The distribution of 13 killer-cell immunoglobulin-like receptor loci in UK blood donors from three ethnic groups.

Abstract

Killer-cell immunoglobulin-like receptors (KIRs) can inhibit the killing activity of natural killer (NK) cells if they interact with their ligand, class I HLA. Using a modified polymerase chain reaction-sequence-specific primers (PCR-SSP) method for typing KIRs using genomic DNA, we compared KIR frequencies in three ethnic populations drawn from UK blood donors. We found a significantly lower frequency of the inhibitory KIRs KIR2DS1 and 3DS1 in Afro-Caribbean blood donors. Despite this, there was a (non-significant) increase in the B haplotype in Afro-Caribbean and Indian Asian donors. Some donors from each group tested negative for all non-inhibitory KIRs. In addition, we describe several new KIR profiles. Analysis of linkage disequilibrium was consistent with previously published findings.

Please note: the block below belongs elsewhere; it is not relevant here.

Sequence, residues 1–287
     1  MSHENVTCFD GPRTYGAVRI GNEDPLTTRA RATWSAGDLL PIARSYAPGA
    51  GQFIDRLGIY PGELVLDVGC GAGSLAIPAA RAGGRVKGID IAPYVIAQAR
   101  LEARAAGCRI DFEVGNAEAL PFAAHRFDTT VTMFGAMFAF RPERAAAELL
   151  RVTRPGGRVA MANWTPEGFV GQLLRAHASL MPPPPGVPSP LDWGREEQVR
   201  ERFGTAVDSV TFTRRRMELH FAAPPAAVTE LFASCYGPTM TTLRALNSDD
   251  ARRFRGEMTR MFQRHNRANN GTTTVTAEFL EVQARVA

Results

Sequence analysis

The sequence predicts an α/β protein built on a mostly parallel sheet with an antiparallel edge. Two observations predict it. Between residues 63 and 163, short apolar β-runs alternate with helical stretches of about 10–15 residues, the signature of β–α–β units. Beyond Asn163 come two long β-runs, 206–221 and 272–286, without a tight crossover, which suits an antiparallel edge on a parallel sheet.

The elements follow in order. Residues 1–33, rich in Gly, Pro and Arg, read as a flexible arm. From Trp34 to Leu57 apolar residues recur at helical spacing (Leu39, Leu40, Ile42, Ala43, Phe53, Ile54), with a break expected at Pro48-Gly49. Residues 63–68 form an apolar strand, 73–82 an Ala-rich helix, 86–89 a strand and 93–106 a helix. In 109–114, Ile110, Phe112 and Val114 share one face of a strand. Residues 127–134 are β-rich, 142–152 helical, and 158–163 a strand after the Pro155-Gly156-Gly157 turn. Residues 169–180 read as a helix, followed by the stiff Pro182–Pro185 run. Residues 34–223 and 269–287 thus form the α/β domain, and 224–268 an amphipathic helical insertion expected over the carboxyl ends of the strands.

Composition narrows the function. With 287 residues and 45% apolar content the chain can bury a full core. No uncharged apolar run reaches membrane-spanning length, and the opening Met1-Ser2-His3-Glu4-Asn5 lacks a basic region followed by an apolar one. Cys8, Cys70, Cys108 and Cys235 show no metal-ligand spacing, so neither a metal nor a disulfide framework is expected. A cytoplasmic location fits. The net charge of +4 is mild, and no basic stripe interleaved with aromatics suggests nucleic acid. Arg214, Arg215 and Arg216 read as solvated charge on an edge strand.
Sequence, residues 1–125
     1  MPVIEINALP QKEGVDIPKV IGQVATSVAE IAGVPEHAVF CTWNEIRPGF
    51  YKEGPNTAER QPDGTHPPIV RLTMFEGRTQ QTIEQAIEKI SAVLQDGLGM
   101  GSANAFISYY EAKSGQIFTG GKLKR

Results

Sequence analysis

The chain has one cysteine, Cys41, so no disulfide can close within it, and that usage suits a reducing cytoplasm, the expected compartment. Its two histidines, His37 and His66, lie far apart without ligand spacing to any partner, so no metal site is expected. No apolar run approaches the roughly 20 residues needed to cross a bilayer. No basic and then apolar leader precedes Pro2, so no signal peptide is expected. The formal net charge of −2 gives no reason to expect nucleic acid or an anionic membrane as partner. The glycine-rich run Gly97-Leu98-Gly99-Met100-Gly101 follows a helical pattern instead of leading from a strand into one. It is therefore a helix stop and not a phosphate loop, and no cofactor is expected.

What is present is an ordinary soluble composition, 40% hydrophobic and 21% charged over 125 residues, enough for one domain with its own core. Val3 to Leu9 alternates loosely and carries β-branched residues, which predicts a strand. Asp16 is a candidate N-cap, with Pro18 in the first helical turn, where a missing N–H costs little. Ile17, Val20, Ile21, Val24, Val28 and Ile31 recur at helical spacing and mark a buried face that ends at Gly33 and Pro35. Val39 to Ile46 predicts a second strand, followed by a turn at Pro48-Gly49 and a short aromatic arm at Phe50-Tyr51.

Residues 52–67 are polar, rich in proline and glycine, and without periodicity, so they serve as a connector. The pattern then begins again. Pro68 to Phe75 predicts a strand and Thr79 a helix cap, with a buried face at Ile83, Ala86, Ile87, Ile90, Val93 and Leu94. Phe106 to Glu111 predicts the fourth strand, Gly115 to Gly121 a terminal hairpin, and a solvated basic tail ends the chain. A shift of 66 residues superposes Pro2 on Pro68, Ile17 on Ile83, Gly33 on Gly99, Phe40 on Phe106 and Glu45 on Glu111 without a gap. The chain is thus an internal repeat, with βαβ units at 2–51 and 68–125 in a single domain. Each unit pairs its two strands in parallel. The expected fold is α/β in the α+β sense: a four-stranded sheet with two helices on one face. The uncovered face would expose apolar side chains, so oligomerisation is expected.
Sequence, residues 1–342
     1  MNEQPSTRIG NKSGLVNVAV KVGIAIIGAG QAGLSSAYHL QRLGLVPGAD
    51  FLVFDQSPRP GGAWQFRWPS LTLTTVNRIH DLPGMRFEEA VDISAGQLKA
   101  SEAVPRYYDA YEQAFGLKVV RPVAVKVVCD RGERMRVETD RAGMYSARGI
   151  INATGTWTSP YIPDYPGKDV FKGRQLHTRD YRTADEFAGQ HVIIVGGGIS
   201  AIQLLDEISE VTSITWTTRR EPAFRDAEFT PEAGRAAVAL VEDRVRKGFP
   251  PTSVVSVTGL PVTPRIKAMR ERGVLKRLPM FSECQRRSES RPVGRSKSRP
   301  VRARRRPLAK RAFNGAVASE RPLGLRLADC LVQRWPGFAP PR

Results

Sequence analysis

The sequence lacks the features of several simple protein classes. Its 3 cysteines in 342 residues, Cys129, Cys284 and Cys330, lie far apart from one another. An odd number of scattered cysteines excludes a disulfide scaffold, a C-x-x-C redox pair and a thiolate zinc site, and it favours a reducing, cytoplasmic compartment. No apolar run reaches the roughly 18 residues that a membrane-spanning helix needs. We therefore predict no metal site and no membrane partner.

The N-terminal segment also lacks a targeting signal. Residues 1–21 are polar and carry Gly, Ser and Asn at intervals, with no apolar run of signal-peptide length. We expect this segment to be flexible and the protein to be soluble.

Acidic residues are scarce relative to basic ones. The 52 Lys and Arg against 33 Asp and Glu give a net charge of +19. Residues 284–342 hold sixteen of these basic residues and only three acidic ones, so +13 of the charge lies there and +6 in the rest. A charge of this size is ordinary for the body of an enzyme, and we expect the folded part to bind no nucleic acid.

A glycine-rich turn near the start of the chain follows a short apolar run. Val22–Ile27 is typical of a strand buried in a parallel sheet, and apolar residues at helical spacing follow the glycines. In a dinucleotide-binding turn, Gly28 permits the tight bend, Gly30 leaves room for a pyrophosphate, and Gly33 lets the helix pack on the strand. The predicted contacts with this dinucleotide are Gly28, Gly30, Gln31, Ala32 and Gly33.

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@article{Cook2003TheDO, title={The distribution of 13 killer-cell immunoglobulin-like receptor loci in UK blood donors from three ethnic groups.}, author={Mark Cook and Paul Moss and David Briggs}, journal={European journal of immunogenetics : official journal of the British Society for Histocompatibility and Immunogenetics}, year={2003}, volume={30 3}, pages={213-21} }